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In Ecuador, a kind man gave us a bag of his finest coffee and I became hooked while writing We Will Be Free, without my daily fix I was a grumpy twat but then I discovered that hot, sweet coffee is dispensed, free, at gas stations in Colombia. Because our “on the road” routine is so varied, it is difficult to settle into a decent coffee routine. Usually I drink it if I remember to.


But, it was while we were converting our Defender into a live-in camper that I truly understood why Americans drink so much coffee. You see, intelligent people do these kinds of builds in fully equipped workshops, with plenty of time and readily available resources. We did the opposite and always had a deadline of some sort – a plane or ship to catch, the end of a housesitting gig, an overlander show in Germany. We worked ten, sometimes sixteen-hour days. We had to fabricate everything, Keelan (my son) and I trying to find solutions for complex problems using limited resources and tools. It was extremely hard work and sometimes we simply ran out of ideas and motivation. The following is an imagined advertising agency pitch I dreamed up some time after my coffee revelation.

Bearded, gruff and grey dad; ponytailed, blonde and tall son are working together on a Defender, fabricating a lock box for tools. Both are sitting on workshop stools, muscular, drop dead gorgeous, covered in denim and plaid and strategically placed grease, running out of ideas.

Lets have some coffee, son”.

Son uses a perfect hand to strike a dramatic match and light a retro gas stove. He places a picturesque kettle on the blue flame. Mumford and Sons plays in the background. The water boils, son uses the Wacaco coffee machine and a tanned muscular arm to pump out a couple espresso, dad sits manly sexy, out of focus in the background, deep in thought, Defender looking purposeful behind him. Son hands dad the coffee. Dad drinks, son drinks, damn, them boys are men! Dad begins to smile. “I’ve got it”. Dad uses a plank of wood over sheet metal to hand bend the perfect tool box. The Doors, Break on Through plays on the radio. “Wacaco, coffee is inspiration”.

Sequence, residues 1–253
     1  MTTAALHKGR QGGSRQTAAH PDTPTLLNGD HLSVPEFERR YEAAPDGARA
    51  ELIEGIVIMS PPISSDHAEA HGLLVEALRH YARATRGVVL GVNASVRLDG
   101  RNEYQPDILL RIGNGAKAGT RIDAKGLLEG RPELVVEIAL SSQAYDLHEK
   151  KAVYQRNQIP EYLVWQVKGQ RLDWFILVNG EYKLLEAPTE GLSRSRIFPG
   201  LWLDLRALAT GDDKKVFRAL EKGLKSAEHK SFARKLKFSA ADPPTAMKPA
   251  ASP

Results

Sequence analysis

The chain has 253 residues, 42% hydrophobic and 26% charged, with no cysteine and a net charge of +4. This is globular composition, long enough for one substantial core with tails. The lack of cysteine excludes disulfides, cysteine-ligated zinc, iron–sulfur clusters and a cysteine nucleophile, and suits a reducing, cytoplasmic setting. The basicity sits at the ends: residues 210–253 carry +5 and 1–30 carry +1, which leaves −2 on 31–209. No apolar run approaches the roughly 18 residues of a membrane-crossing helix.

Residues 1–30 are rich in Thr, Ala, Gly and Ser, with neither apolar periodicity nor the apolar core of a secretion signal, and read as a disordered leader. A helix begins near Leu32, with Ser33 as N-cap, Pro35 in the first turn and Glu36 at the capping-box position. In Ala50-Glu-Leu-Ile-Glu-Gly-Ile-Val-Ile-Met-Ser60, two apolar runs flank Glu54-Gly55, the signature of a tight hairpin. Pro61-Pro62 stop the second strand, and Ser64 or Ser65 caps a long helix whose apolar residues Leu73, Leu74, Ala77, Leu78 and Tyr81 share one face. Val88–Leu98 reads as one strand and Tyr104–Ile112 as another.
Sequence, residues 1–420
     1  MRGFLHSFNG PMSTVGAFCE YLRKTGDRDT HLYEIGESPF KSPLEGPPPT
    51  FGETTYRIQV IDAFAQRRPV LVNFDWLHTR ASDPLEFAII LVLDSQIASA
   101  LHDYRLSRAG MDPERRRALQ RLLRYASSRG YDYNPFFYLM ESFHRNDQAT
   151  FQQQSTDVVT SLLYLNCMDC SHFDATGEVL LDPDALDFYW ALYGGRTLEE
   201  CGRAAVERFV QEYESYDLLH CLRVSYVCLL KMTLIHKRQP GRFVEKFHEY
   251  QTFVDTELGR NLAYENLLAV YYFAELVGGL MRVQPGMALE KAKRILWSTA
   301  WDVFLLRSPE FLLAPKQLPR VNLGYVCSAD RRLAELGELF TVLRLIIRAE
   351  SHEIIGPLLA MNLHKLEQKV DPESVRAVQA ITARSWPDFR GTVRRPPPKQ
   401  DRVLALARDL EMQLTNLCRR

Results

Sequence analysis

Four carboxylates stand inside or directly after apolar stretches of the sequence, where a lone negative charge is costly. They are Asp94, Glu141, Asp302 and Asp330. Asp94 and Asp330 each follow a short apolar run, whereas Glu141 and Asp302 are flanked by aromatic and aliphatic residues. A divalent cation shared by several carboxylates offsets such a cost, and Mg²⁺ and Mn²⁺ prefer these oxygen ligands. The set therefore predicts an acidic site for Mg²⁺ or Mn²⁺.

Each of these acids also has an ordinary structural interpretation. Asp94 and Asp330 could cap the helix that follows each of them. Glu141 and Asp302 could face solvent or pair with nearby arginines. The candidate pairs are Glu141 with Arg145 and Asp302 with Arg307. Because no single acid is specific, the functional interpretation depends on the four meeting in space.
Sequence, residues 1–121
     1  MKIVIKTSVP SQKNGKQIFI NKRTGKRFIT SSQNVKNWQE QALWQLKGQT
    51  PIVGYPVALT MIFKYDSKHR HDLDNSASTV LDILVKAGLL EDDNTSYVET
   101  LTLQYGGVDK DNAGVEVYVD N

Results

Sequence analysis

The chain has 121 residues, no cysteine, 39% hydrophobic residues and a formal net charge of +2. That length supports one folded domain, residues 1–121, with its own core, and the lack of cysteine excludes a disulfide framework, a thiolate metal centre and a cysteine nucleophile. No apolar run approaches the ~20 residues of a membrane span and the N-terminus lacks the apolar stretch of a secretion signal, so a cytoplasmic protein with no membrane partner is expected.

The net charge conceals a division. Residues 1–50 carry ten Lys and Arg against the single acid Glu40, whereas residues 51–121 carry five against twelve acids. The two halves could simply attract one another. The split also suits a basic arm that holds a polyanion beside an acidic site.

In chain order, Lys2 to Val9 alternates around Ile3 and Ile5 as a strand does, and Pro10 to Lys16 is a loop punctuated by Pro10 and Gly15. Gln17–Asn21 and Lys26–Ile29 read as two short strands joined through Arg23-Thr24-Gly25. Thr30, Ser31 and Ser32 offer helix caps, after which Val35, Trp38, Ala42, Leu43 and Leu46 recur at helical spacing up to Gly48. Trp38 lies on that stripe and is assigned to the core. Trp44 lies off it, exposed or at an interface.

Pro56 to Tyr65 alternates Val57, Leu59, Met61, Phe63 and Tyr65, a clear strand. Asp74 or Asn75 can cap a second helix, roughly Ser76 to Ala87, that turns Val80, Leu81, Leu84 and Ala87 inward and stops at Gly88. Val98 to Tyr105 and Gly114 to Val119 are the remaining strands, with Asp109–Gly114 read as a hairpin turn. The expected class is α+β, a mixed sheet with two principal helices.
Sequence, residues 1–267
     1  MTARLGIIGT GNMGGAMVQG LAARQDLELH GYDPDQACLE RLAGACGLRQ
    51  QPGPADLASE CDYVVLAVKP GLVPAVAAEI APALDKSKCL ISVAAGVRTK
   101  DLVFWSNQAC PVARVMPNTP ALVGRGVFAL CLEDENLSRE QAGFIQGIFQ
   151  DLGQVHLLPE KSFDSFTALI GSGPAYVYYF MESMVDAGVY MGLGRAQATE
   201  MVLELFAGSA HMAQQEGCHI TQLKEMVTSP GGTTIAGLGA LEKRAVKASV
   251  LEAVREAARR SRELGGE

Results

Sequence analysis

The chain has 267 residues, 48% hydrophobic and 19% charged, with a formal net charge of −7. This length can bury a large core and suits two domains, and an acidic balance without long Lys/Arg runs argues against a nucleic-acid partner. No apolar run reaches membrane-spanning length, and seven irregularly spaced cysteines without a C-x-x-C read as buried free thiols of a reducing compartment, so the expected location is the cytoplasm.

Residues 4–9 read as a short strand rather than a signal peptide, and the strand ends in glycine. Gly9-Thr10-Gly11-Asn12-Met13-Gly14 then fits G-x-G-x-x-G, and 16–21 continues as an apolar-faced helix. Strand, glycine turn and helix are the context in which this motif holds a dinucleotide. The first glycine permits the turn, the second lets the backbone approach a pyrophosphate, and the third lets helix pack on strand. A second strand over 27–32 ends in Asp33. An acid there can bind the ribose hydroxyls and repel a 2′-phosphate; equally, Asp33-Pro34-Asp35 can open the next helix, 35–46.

No-one said it was a great pitch. But the story is true. When we were gassed and running out of ideas we would have a cup of coffee and the caffeine would reignite the brain resulting in ideas, this is why Americans have the best ideas, coffee truly is inspiration. Wacaco sent me a message on Instagram – “Hey, do you like coffee?”. “No coffee imma grumpy bitch”. I responded. The response seemed to confuse them a bit, it was late and I had not had any coffee. “Yes, I love coffee”. They sent me a Wacaco Minipresso machine and, well, I fell in love. The machine, not much larger than a large handful, arrived in a zip-up hard case. You unscrew the top of the machine and fill a small filter cup with ground coffee and screw the top back on, then unscrew and fill the lower cup with hot water. Screw the cup back on, release the pump mechanism, flip the little machine and pump over the little espresso cup which clips on top of the lower cup. A few seconds later you have an inspiring, delicious little espresso. Boom. Day improves, ideas flow, shit gets done!

I am a Defender man, I appreciate practical design and built quality, I am also an overlander and I love any piece of gear which is light, compact, well-built and serves a purpose. My only gripe with the Nanopresso is that it is not KTM orange (the six detachable parts would be easier to locate in a cluttered camper if they were brightly coloured) and it delivers a relatively small espresso. That said, the Nanopresso is going with me wherever I go from now on, providing inspiration when this old brain has run out of the big ideas, big dreams demand.


I am not a coffee connoisseur at all, a girlfriend introduced me to cappuccino when I was 19 and I had no idea how to add the three spoons of sugar. I know very little about cheese either, but that is a story for another time. Growing up we drank Ricoffy and when we were feeling larney we would have a cup of Frisco, mmm creamy (both Ricoffy and Frisco are South African, chicory heavy, instant coffee). As a kid I would watch those American movies where they would pour their coffee black from a glass jar and never lock their cars. I wondered why those cars were never stolen and why they did not add milk and sugar, though sometimes they apparently added cream.

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